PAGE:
By Meghan Casserly, Forbes Staff
The conversation, aptly titled “The Algorithm Method: Love In The Social Media Age,” featured Buddy Media CEO Mike Lazerow, Tom Miller, YourTango’s general manager (and Andrea’s brother), Elizabeth Bernstein, relationships columnist for WSJ and Helen Fisher, Ph.D., biological anthropologist and chief scientific advisor for online dating sites Match and Chemistry. It opened with a video montage that featured montages of recent tech-enabled sex scandals like Tiger Woods and Anthony Weiner and set an immediate tone: technology is ruining our relationships. We’ve become a society of e-cheaters, and the epidemic is only getting worse.
An easily-understandable premise, but one that Fisher immediately shot down. “There is simply no evidence to prove that technology and social media are causing more cheating,” she said. “There are very clear indicators of cheating within the architecture of the brain, and the human brain has not changed in over 2,000 years. If you’re a cheater, you’re going to cheat. If you don’t meet your ex girlfriend from high school through Facebook and sleep with her, you’re certainly going to find someone else.”
But while there’s no scientific evidence, her panel-mates protested, there’s certainly something to be said for the expanded pool of fishes or the easy access to secret lovers that the web affords. If nothing else, they agreed, technology and social media has certainly made it easier to get caught. After all, look at the recent cases where high-profile men have reached out and touched someone online and saw their personal and professional lives destroyed in the aftermath. Without tech, they asked, how would Anthony Weiner and Tiger Woods share so much of themselves? But more intriguingly, how could such supposedly successful men make such enormous online fails?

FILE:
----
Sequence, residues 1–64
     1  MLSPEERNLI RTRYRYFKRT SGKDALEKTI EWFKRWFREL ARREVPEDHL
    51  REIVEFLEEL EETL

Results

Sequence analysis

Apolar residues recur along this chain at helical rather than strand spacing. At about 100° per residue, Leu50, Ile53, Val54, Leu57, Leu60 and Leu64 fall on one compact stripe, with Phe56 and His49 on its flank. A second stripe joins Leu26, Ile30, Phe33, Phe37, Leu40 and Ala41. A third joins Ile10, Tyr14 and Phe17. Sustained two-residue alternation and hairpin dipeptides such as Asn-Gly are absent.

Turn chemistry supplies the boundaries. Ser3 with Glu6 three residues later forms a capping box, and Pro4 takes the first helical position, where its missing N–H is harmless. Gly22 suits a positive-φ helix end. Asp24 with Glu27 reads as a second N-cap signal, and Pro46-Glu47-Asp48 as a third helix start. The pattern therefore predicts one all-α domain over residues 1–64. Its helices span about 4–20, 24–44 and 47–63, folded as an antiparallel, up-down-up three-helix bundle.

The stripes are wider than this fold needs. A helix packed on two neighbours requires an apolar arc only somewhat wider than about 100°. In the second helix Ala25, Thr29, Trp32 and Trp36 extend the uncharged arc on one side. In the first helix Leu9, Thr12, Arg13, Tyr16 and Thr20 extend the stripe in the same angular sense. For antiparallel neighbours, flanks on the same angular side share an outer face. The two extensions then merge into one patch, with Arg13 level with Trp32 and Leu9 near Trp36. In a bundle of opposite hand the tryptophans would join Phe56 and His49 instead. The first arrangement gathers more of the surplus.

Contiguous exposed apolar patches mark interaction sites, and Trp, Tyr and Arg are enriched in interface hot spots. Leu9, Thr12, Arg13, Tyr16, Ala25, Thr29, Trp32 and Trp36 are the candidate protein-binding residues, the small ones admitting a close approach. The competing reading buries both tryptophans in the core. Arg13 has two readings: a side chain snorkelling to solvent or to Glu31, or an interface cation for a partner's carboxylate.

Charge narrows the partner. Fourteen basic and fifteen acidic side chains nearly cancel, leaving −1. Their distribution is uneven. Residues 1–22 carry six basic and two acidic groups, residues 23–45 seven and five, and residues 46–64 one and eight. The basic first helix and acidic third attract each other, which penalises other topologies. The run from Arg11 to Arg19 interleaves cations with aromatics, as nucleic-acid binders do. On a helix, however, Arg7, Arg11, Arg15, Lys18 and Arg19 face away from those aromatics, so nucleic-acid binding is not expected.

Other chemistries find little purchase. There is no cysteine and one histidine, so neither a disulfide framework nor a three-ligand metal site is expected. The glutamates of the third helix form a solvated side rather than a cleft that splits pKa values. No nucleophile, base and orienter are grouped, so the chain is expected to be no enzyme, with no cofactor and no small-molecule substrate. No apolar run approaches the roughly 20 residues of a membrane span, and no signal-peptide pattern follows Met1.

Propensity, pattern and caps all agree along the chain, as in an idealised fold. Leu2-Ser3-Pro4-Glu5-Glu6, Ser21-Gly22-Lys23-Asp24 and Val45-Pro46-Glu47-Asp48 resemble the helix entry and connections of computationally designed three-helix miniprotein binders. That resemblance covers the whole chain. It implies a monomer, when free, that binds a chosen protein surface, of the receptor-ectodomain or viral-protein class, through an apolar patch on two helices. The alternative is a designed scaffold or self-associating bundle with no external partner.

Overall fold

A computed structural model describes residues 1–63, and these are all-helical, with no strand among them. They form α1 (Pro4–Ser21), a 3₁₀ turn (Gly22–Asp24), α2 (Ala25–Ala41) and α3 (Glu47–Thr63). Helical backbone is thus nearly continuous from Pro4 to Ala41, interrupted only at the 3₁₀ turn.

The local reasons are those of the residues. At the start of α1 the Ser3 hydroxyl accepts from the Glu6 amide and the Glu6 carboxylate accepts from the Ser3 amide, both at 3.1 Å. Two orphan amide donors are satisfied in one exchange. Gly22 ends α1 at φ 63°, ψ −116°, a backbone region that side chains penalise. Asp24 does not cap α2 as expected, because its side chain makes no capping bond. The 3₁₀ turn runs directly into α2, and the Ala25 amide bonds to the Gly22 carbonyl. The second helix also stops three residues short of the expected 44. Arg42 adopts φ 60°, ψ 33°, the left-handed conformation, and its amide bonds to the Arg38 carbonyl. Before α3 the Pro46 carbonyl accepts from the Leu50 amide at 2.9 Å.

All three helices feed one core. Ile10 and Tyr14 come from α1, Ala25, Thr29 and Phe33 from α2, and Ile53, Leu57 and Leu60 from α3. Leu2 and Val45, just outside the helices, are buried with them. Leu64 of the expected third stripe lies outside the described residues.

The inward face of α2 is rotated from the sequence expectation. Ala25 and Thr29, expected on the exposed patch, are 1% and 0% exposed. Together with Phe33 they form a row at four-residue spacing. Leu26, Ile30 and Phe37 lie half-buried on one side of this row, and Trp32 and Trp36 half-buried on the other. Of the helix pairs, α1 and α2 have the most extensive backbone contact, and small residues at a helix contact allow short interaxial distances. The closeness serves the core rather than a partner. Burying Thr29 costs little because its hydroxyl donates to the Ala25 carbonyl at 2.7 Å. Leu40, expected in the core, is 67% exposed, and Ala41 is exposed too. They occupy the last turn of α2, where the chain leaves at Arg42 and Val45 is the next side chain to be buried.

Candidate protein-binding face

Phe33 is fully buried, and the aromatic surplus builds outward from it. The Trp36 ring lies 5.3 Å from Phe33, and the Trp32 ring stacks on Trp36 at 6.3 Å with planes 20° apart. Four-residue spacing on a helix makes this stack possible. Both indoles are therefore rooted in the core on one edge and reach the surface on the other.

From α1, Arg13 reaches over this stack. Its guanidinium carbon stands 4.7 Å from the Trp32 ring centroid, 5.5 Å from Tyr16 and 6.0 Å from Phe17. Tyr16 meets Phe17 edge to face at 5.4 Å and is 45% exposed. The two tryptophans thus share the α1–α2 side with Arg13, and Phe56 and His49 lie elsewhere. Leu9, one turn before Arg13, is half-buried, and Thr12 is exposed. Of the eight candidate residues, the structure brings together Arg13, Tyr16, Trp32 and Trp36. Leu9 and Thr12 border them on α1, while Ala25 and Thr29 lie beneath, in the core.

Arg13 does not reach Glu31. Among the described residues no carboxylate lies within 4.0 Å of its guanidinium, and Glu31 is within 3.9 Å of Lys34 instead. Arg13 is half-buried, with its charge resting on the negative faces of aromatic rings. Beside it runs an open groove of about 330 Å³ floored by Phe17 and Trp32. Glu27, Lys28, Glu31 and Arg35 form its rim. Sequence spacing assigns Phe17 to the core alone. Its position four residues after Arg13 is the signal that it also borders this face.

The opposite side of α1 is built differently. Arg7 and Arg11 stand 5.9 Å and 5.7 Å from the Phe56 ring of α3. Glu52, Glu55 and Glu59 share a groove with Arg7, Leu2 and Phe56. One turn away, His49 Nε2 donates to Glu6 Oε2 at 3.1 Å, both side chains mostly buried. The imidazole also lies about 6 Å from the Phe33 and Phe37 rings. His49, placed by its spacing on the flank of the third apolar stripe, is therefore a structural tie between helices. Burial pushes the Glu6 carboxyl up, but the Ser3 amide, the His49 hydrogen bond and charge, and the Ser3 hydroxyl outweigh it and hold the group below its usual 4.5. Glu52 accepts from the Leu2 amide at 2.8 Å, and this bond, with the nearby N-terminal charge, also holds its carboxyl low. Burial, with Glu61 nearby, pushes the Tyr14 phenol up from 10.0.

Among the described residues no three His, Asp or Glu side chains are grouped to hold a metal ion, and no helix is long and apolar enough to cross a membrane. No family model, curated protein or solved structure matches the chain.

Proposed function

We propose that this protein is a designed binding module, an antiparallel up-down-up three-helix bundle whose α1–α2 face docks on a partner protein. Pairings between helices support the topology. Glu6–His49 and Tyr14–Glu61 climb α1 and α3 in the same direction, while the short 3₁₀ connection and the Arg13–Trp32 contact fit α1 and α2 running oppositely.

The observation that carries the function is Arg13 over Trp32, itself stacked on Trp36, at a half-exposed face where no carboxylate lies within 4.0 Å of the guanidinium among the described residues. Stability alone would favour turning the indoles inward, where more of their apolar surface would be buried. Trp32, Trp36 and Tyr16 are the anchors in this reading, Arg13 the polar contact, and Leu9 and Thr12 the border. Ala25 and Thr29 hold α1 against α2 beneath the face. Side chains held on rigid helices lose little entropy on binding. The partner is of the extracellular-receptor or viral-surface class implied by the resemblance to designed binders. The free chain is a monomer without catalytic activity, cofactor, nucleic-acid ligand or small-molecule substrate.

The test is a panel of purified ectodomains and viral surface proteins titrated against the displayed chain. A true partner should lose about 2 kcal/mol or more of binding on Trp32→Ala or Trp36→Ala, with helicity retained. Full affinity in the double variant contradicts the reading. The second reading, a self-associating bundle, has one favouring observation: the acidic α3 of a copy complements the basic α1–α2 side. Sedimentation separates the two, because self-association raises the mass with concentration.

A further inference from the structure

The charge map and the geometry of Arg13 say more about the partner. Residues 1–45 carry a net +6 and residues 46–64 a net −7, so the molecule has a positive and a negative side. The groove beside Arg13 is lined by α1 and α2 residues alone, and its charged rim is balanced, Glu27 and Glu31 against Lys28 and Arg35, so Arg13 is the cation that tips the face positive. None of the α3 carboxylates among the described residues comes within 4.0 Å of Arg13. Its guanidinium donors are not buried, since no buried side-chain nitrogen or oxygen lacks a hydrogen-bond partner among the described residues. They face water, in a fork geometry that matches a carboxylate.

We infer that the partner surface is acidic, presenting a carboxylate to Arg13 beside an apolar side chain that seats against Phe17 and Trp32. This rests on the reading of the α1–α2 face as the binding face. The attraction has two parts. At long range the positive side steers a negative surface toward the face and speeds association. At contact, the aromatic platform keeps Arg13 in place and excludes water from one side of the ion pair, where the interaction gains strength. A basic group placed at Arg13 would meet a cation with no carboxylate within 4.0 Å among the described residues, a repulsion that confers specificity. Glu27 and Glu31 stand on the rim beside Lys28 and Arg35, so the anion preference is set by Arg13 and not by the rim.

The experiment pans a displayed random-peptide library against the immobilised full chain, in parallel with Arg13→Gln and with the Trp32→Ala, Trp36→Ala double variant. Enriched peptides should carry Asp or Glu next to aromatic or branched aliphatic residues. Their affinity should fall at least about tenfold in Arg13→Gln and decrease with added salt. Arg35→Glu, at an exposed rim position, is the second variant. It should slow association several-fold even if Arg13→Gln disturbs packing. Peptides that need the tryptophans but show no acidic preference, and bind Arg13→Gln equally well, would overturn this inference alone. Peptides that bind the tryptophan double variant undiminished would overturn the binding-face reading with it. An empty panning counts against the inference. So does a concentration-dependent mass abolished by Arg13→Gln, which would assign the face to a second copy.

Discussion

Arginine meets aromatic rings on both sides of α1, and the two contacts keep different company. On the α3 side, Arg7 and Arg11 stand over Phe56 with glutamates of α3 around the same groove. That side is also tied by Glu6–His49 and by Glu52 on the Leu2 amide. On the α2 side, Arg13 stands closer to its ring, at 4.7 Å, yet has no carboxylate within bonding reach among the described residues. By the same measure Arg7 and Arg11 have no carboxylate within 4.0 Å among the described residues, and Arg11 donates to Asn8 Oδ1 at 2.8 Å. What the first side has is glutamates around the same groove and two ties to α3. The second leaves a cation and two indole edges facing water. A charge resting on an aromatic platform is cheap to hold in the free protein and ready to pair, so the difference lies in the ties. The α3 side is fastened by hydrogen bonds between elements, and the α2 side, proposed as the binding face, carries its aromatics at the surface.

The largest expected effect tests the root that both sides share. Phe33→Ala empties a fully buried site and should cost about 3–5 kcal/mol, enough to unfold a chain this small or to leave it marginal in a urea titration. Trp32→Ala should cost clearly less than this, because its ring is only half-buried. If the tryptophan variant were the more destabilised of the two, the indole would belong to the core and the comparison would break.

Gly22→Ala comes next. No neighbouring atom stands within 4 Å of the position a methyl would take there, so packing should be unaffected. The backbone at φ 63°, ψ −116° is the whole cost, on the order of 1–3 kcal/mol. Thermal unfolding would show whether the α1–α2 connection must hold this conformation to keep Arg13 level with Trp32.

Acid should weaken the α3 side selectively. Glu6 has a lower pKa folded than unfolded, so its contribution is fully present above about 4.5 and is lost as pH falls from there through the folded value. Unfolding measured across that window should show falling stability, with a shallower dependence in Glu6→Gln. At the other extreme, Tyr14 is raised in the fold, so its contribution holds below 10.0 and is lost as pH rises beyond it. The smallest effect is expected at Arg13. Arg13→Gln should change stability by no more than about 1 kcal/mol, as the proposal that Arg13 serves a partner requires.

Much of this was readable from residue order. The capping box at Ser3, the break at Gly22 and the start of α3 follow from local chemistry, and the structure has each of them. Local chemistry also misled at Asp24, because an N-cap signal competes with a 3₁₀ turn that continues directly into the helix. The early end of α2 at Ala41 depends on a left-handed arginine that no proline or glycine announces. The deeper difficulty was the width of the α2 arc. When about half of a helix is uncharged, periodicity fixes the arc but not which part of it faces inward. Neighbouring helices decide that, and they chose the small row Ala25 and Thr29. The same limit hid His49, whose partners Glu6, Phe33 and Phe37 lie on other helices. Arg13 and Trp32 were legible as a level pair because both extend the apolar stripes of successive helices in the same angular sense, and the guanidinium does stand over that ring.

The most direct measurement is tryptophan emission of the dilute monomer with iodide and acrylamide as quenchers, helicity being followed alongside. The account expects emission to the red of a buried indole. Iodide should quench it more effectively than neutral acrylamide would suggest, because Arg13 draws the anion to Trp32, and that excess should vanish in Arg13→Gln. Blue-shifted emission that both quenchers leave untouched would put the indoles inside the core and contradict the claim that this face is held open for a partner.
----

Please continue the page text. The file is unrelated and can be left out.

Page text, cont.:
“The human animal has a tremendous desire to share,” she says, that is really hard to fight against. “Thinking long-term and of consequences is relatively new in the development of the human brain. But the Wieners and the Woods and the Arnold Schwarzeneggers of the world are all high testosterone men, which makes the whole scenario so much worse.” When patients are injected with testosterone, Fisher says, it heightens their thinking about “here and now,” and lessens long-term vision. Testosterone also heightens sex drive and a tendency towards narcissism, which goes a long way to explain the thought process that could lead, say, a senator to post crotch-shots to the web. Short-term thinking plus narcissism equals a public relations disaster.
If testosterone is an indicator, does it stand to reason that women make better cheaters, or, at the very least, the fairer sex’s brain is more equipped to not get caught? “You often don’t catch the women,” she agrees, “Because women naturally think more contextually. They consider long term vision and potential consequences much more thoroughly before acting.”
And there you have it, folks, women are better than men at cheating on their partners and not getting caught. Straight from the mouth of a woman who has scanned over 40,000 brains. Science.
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If you haven’t already, watch my interview with Fisher for more insight on women, cheating…and why we still can’t stop sending dirty pictures to our boyfriends.
The opinions expressed are solely those of the author and do not necessarily reflect the views of Comcast.